Weertz said, “I never met Mrs. Palmer, and I don’t know what she has against me. It would be common courtesy if she called and told me her grievances. I actually believe this is a well-funded group that wants to undo the democratic process.”

Weertz was elected to the board in 2014 and re-elected in 2018, and Lee was first elected to the board in 2018. To get the recall on the ballot, supporters must collect 7,646 signatures.

In 2019, Ballotpedia covered a total of 151 recall efforts against 230 elected officials. Of the 66 officials whose recalls made it to the ballot, 34 were recalled for a rate of 52%. That was lower than the 63% rate and 57% rate for 2018 and 2017 recalls, respectively.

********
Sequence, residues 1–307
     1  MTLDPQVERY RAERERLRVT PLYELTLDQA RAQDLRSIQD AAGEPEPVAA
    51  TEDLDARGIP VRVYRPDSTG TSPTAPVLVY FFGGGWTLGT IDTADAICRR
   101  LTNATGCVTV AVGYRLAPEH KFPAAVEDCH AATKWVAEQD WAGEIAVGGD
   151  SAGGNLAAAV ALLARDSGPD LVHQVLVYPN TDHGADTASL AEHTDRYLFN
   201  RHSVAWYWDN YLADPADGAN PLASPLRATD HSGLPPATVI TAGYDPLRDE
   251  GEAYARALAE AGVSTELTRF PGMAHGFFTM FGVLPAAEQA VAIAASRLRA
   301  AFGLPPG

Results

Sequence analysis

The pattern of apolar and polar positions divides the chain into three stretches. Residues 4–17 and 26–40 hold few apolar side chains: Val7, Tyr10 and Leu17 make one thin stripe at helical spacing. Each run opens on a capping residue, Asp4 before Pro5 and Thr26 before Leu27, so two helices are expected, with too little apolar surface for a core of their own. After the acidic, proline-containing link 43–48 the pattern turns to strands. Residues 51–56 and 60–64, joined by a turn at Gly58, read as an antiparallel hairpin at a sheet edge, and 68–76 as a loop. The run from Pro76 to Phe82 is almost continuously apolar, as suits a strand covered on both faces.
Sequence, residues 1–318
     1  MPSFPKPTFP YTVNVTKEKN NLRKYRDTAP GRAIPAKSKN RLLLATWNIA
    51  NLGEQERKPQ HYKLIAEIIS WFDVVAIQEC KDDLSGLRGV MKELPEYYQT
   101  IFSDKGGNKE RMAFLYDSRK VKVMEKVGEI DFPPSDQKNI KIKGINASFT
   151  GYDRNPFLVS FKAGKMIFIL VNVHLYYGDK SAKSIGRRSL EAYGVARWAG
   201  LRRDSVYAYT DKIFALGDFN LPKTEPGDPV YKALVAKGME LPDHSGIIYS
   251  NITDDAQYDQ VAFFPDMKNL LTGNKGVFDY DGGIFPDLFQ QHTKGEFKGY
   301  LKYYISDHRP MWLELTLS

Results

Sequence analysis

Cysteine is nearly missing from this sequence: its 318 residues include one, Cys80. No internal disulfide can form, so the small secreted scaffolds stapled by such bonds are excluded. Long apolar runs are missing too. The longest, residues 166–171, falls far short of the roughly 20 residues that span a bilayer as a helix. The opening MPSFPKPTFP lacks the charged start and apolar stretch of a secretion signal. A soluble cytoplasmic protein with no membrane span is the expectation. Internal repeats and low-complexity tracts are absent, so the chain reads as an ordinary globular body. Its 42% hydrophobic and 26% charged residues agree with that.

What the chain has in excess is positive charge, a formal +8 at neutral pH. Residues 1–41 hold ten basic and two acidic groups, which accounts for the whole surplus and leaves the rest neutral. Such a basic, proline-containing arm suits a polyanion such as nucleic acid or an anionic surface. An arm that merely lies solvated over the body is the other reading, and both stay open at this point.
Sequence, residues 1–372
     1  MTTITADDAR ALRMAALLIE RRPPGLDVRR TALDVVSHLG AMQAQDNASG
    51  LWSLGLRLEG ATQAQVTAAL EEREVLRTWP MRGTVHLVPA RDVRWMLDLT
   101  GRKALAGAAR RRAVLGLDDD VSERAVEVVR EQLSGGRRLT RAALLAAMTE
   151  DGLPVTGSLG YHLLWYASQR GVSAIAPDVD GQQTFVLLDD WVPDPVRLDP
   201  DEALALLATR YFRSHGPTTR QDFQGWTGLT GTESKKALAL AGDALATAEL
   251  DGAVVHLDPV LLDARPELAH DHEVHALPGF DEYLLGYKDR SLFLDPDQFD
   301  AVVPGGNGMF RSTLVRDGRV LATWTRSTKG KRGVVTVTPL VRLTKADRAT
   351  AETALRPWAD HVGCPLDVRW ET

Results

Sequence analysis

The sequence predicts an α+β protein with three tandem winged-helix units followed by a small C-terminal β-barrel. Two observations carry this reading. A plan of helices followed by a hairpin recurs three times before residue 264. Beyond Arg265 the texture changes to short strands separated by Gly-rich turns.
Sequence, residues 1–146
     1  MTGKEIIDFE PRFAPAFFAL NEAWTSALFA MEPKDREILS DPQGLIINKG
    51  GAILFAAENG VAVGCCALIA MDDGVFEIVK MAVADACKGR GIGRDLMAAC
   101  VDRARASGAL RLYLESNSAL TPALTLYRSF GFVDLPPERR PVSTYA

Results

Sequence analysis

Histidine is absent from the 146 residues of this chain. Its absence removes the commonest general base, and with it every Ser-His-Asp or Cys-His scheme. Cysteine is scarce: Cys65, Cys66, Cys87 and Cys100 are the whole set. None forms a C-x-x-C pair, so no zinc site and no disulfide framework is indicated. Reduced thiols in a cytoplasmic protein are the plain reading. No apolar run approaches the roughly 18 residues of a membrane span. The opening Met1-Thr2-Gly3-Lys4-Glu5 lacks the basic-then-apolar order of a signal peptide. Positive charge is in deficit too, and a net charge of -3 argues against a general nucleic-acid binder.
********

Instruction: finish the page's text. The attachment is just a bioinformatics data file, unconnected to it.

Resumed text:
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Signatures submitted for mayoral recall in Oregon City, Oregon

A recall effort has been underway since June 2020 in Oregon City, Oregon, to recall Mayor Dan Holladay over restrictions due to the coronavirus pandemic. Recall organizers had until September 21 to submit 2,400 valid signatures to put the recall election on the ballot. They submitted signatures in two batches, with the total number coming to 3,451.

City Recorder Kattie Riggs said the signature verification process would be complete by October 1. If enough signatures are verified, the recall election would likely take place on November 10. If voters remove Holladay from office, a special election would take place in March 2021 to fill the seat.